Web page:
This embodiment provides another advantage that the open area ratio (aperture ratio) can be increased by forming a small-sized thin-film transistor.

Embodiment 11

This embodiment is directed to a case where an insulating film formed by LPD (liquid phase deposition) is used as the second interlayer insulating film of the first embodiment. A manufacturing process of a pixel TFT and a driver TFT is not described here because it has already been described in the first embodiment.

A process of forming a coating by LPD (also called a spin method) will be outlined below. Although the following description is directed to a case of forming a silicon oxide type coating (SiOx; inorganic material), other inorganic materials such as SiOF (relative dielectric constant: 3.2-3.3) and organic resin materials such as polyimide (relative dielectric constant: 2.8-3.4) may also be used.

First, an H2SiF6 solution is prepared. After SiO2:xH2O is added to the solution, the solution is stirred for 3 hours with the processing temperature kept at 30° C. The stirred solution is filtered to adjust its density to a desired value. Thereafter, the solution is again stirred while being warmed in a water bath or the like until the temperature reaches 50° C.

Thus, the preparation of a coating solution is completed. If H3BO3, for instance, is added to this solution, a silicon oxide type coating containing B+ ions (a coating called BSG) can be formed.

After a subject substrate is immersed in the thus-prepared solution, it is rinsed with pure water and then dried, to complete formation of a coating. To form an organic resin material, a coating may be formed by LPD by using a solution prepared for application of a desired coating.

An example of the organic resin material is polyimide whose relative dielectric constant is as small as 2.8-3.4. In this case, a solution for coating application is applied to a subject substrate held on a spinner, and a coating is formed by rotating the spinner at 2,000 rpm. Subsequently, the film quality is improved by baking the coating at 300° C. for about 30 minutes.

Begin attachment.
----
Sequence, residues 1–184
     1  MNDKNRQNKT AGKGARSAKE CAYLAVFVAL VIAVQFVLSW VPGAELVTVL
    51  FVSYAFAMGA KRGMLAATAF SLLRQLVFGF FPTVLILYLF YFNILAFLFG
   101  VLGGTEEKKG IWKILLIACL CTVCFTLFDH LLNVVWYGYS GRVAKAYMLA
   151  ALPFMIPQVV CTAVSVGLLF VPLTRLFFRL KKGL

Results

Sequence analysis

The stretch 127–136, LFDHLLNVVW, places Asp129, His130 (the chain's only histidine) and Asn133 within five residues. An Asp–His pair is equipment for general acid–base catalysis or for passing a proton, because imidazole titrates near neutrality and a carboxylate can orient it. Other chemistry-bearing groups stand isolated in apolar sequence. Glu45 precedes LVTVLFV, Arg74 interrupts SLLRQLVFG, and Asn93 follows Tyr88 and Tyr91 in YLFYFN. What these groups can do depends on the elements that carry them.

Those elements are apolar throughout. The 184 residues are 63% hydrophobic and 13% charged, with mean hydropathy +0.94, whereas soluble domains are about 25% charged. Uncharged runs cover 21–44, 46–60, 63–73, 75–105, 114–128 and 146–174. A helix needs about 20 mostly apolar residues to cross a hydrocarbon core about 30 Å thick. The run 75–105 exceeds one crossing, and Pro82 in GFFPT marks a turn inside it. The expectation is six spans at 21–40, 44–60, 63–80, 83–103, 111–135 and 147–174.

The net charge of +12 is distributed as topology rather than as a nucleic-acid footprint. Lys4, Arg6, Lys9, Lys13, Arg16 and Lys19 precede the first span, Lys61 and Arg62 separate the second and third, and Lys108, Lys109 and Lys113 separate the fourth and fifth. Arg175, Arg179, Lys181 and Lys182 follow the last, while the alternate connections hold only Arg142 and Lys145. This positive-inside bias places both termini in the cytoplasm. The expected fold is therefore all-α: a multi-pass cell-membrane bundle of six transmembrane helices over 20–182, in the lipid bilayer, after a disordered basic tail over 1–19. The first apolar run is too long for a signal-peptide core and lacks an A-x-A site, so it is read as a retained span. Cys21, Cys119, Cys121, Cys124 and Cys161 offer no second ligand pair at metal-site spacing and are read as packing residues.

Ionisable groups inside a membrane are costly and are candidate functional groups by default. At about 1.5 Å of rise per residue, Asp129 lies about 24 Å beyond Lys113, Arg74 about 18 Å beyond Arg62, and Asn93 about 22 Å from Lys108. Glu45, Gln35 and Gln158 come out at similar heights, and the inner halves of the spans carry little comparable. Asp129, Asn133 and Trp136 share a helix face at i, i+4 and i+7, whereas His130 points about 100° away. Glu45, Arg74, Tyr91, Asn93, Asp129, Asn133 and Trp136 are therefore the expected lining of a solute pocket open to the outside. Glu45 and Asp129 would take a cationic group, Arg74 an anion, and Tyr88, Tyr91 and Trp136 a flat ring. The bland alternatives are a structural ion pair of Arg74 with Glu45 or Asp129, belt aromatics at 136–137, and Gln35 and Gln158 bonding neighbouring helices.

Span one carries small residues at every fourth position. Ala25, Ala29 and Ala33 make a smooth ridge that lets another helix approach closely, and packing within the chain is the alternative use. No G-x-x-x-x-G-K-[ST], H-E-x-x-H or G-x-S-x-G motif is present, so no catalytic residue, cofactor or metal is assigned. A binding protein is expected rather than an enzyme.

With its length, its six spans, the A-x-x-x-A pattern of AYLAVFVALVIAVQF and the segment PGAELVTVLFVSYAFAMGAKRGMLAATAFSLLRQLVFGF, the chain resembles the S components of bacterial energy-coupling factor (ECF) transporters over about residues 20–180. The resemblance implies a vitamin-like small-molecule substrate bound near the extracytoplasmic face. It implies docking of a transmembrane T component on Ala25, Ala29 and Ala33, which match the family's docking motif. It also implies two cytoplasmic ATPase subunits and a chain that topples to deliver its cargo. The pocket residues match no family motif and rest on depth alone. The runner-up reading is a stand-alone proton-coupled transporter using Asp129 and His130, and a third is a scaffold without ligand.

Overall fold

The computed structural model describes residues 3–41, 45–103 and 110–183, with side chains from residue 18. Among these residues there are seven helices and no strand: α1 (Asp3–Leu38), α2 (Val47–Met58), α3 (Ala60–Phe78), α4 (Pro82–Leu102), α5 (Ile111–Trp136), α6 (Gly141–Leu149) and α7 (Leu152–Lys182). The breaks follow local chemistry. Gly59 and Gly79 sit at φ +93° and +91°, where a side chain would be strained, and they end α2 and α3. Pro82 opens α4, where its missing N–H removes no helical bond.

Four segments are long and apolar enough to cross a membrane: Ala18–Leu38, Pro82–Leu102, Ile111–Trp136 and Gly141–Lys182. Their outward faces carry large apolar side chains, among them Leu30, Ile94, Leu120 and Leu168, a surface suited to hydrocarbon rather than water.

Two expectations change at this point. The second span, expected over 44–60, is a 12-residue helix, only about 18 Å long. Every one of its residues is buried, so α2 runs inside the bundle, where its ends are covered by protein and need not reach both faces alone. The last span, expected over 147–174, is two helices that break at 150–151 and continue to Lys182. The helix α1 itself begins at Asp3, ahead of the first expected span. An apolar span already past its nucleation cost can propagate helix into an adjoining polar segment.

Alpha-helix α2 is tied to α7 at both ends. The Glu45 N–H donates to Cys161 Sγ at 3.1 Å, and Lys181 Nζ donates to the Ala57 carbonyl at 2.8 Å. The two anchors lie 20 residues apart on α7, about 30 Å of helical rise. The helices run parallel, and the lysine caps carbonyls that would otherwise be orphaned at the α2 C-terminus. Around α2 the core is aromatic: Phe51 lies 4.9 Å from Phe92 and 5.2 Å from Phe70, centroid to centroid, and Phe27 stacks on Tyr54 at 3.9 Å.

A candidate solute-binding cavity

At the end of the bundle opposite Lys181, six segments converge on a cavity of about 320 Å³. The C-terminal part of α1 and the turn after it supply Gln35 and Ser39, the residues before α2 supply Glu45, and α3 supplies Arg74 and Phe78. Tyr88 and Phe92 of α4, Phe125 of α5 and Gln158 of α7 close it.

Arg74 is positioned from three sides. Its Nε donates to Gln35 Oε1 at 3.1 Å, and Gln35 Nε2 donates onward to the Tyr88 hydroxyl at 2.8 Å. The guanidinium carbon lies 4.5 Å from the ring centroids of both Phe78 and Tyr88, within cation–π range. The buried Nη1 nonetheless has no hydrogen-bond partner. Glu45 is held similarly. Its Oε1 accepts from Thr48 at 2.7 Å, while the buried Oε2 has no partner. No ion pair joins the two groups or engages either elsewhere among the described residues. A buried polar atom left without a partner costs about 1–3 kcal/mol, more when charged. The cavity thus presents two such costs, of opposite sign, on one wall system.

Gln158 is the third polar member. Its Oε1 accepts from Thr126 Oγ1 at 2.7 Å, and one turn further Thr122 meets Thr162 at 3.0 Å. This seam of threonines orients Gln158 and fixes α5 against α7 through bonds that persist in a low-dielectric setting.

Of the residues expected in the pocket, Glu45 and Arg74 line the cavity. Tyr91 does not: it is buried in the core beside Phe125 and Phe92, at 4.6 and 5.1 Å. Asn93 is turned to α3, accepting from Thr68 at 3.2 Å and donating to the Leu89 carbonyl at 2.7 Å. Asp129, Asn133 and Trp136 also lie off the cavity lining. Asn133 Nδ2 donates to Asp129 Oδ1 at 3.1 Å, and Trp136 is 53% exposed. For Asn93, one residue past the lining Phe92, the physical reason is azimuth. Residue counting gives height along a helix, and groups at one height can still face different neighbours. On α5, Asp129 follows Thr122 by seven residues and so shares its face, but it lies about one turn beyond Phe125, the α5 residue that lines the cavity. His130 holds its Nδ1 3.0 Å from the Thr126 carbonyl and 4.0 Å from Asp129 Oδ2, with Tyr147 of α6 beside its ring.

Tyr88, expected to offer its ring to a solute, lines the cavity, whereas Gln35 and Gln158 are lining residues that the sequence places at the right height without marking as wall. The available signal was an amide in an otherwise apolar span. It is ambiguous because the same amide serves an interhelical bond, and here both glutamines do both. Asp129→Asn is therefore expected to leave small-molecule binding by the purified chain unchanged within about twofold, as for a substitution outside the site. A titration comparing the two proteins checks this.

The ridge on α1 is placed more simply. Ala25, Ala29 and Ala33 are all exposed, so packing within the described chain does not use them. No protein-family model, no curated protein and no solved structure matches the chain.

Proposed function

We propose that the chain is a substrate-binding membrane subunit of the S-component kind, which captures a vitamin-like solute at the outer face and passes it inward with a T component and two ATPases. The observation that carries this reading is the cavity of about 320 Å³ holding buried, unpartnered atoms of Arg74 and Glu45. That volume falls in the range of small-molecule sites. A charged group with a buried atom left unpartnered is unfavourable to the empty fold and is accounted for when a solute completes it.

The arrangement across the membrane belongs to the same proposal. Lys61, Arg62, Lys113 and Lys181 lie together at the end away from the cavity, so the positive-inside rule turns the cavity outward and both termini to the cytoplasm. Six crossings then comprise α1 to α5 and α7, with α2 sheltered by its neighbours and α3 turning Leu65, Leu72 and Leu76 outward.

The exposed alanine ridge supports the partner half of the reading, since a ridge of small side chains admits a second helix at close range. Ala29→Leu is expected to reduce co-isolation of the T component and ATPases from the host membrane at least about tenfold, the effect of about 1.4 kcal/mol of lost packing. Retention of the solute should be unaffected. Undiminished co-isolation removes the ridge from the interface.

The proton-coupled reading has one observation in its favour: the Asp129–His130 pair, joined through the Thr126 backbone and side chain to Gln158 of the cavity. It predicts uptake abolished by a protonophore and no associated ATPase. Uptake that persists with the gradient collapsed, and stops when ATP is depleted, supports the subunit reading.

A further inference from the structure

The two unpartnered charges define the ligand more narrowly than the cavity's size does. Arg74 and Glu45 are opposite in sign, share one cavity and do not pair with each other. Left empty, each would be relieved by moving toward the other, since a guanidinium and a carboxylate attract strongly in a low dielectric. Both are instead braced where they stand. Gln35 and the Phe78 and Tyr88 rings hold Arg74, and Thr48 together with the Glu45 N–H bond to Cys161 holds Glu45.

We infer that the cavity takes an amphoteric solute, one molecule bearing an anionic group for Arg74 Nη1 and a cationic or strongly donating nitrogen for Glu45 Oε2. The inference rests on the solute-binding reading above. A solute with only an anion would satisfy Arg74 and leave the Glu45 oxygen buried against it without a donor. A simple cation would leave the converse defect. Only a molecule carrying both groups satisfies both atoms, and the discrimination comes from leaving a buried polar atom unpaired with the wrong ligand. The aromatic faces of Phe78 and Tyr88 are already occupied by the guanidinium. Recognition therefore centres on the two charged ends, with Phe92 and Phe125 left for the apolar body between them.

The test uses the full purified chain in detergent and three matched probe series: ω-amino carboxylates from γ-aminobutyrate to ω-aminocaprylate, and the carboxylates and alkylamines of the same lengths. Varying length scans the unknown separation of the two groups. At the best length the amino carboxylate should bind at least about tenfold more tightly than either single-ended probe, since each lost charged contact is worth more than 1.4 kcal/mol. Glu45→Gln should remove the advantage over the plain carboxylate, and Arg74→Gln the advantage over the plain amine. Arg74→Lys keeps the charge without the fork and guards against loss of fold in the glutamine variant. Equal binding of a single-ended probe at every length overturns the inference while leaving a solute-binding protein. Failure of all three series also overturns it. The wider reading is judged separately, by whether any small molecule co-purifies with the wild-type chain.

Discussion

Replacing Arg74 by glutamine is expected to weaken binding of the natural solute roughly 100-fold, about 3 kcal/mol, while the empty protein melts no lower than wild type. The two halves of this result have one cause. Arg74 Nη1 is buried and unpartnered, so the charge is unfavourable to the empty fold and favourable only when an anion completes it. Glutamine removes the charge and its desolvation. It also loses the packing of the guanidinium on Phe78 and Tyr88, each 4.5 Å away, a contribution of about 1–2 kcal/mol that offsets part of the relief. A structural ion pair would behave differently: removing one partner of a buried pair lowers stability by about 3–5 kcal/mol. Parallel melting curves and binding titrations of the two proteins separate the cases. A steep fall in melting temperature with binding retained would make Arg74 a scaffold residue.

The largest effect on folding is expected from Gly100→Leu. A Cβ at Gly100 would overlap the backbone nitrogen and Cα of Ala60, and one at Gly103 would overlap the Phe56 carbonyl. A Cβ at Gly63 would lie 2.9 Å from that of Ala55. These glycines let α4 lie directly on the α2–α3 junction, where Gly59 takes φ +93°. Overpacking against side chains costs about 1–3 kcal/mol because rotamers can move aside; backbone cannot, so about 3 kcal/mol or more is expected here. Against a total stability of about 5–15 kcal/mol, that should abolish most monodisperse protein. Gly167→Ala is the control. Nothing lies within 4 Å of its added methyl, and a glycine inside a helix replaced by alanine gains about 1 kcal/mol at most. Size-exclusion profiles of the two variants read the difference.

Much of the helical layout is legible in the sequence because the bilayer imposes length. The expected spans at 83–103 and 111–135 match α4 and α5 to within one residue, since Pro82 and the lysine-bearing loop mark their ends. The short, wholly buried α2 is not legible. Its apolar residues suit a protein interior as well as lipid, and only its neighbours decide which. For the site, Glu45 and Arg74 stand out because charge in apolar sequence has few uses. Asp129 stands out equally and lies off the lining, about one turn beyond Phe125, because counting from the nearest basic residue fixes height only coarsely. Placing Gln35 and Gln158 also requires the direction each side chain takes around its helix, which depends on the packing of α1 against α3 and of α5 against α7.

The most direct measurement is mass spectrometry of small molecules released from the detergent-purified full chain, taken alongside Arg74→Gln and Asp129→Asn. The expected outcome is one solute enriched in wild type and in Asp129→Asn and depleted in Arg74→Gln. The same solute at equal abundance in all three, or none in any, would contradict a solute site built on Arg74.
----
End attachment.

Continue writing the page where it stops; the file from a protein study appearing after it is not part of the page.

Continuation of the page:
As described above, where LPD is employed, a desired coating can be formed relatively easily; therefore, the throughput can be improved greatly. Further, since the film thickness can be adjusted freely by changing the time during which a substrate is immersed in a solution (the rotation speed or the like when a spinner is used) or the density of the solution, a thick, flat coating can be formed easily.

Embodiment 12

This embodiment is directed to a case where the invention is applied to an amorphous and super-multidomain AM-LCD. This embodiment is advantageous in that no rubbing step is needed because of the use of a commonly used TN liquid crystal material to which an optically active material is added.

Embodiment 13

This embodiment is directed to a case where the invention is applied to a field-effect mode liquid crystal display device. This mode is classified into the following five modes: twisted nematic (TN) mode, super-twisted nematic (STN) mode, electrically controlled birefringence (ECB) mode, phase change (PC) mode, and guest-host (GH) mode.

This operation mode has an advantage of low power consumption because of a low drive voltage.

Embodiment 14

This embodiment is directed to a case where the invention is applied to a dynamic scattering mode liquid crystal display device. In this mode, in addition to the electric field effect, a light scattering state associated with turbulent motion that is caused by the existence of an ion additive with which a liquid crystal is doped is used for display.

Embodiment 15

This embodiment is directed to a case where the invention is applied to a heat-effect mode liquid crystal display device. In this mode, the temperature-induced phase transition of a liquid crystal is controlled by heating, and a resulting change in optical characteristic is used for display.

Embodiment 16

This embodiment is directed to a case where a dispersion-type liquid crystal display device is constructed by utilizing the invention. In this case, a liquid crystal layer is constructed such that a nematic, cholesteric, or smectic liquid crystal is dispersed and suspended in grain or sponge form in a solid-phase polymer of a high-molecular material.

According to a known method for manufacturing the above liquid crystal display device, capsuled liquid crystal members are dispersed in a polymer, which is then formed into a thin film on a film or a substrate. Proposed encapsulating substances include gelatin, gum arabic, and polyvinyl alcohol.